Rep. Betty Sutton (D)
Ohio 13th District
Fifty years ago, most of the people of metro Cleveland were clustered in the city itself, in tightly packed blocks of houses above the Cuyahoga River valley and its giant steel mills. Around the city, were some comfortable suburbs, and beyond them, miles of farm fields before you encountered the nearby industrial cities—Akron, the “Rubber Capital” with its Firestone, B. F. Goodrich and Goodyear tire factories, and Lorain, a sort of mini-Cleveland on Lake Erie with steel mills lining the narrow Black River. Since then, the population of Cleveland has fallen by half, and the metropolitan area has spread out over the northern Ohio countryside. The suburbs now spread from Cleveland to Akron without interval. The shoreline from Cleveland to Lorain has been filled in. Medina County, between Lorain and Akron, has also been transformed from farmland to suburbia. Only the Cuyahoga River valley between Cleveland and Akron has been off-limits to development, protected by the creation of the Cuyahoga Valley National Park. The economy has changed as well. In 1950, Cleveland depended on heavy manufacturing, especially steel, and Akron was reliant on tires. Today, most of the steel mills are shuttered or torn down, most of the old tire factories have been converted to other uses, and in 2005, Ford closed its assembly plant in Lorain. But Akron has memorialized the past in the National Inventors Hall of Fame and has developed itself as the “Polymer Center of America,” with 80% of the nation’s polymer research and a first-class polymer engineering program at the University of Akron. In 2007, the city began an innovative project to turn sewage sludge into electricity. Downtown Akron has been revived by entertainment areas, the University of Akron, and some upscale housing. Still, the city’s population dropped by 7,300 from 2000 to 2006.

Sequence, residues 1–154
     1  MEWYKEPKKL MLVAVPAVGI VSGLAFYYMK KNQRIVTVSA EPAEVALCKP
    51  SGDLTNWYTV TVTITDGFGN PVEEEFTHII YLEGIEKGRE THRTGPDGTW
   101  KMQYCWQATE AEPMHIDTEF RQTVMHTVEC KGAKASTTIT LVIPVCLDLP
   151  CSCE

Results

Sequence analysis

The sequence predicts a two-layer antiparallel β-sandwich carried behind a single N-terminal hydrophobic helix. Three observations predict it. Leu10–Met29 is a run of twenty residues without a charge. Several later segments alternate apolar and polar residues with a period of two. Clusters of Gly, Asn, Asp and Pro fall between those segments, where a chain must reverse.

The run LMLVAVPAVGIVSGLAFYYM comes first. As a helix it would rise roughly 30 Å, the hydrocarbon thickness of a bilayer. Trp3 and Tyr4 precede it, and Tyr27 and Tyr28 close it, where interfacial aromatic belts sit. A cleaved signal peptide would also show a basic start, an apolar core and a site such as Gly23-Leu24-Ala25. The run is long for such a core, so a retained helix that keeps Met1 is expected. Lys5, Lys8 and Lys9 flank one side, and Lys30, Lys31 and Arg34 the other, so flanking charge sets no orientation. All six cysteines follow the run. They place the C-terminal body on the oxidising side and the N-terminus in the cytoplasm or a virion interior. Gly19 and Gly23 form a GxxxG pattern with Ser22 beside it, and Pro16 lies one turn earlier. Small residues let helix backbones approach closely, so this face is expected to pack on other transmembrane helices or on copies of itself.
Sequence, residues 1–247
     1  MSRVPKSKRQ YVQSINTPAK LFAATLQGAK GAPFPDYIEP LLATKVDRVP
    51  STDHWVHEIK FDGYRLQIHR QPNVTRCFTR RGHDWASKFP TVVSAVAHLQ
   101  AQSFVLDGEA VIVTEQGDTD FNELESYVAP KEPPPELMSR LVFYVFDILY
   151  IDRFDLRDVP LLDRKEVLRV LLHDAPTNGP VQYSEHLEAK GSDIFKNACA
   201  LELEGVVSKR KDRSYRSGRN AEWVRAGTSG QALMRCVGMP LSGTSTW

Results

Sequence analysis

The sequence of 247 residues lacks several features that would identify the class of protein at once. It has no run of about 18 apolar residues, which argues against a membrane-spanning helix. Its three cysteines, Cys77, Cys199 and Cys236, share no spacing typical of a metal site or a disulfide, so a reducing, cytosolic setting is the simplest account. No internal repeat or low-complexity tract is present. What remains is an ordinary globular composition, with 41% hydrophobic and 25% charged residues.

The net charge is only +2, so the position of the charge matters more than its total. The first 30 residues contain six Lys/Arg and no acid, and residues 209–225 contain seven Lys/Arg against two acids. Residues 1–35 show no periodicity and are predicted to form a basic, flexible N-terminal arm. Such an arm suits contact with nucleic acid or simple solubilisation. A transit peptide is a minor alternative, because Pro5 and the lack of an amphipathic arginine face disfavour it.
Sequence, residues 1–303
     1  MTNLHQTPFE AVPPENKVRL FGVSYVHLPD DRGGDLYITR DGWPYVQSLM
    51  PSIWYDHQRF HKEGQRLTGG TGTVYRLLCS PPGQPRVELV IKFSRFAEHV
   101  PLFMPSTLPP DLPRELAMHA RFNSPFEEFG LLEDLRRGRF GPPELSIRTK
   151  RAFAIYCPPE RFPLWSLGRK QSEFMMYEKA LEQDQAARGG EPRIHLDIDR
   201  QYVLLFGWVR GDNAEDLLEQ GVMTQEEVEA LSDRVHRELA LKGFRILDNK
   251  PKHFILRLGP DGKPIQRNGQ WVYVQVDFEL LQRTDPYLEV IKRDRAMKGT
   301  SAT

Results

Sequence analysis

2008 Presidential Vote
|Cook Partisan Voting Index|
The 13th Congressional District of Ohio is made up of much of this metro Cleveland area, though none of the city itself. It includes the west side of Akron and its western suburbs. The lines separating it from the 14th and 17th Districts in Akron’s Summit County are absurdly convoluted. It encompasses the northern and eastern parts of Lorain County, including Lorain and Elyria just to the south; the southern tier of suburban townships in Cleveland’s Cuyahoga County—Strongsville, North Royalton, Broadview Heights; and the northern tier of suburban townships in Medina County, including Brunswick. Fifty years ago, this area would have been Republican, with Democratic precincts in Akron and Lorain. Today, as Clevelanders have spread far and wide, it is Democratic, though not overwhelmingly so. Republican presidential candidate George W. Bush twice got 44% of the vote here. In 2008, Democrat. Barack Obama won the district with 57%.
Rep. Betty Sutton (D)
Elected: 2006, 2nd term.
Born: July 31, 1963, Barberton .
Home: Copley Township.
Education: Kent St. U., B.A. 1985, U. of Akron, J.D. 1990.
Family: Married (Doug Corwon); 2 children.
Elected office: Barberton City Cncl., 1989-91; Summit Cnty. Cncl., 1991-92; OH House of Reps., 1992-2000.
Professional Career: Practicing atty., 2001-06.
The congresswoman from the 13th District is Democrat Betty Sutton, elected in 2006. Sutton grew up in Barberton as the youngest of six children. Her mother was a library clerk and her father a boilermaker. She graduated from Kent State University and then earned a law degree from the University of Akron. In 1989, while still in law school, Sutton won an at-large seat on the Barberton City Council and in 1991, was elected to the Summit County Council. In 1992, at age 29, she became the youngest woman to win a seat in the state House, where she worked on employment issues like health care, pensions and retirement benefits. In 1993, after speaking publicly about an abusive first marriage, she worked to pass legislation to protect women from domestic violence. She fought passage of a Republican bill to cut workers compensation benefits and then led a referendum to repeal the law. She served in the Legislature until term limits forced her out in 2000 and afterward worked as a labor lawyer.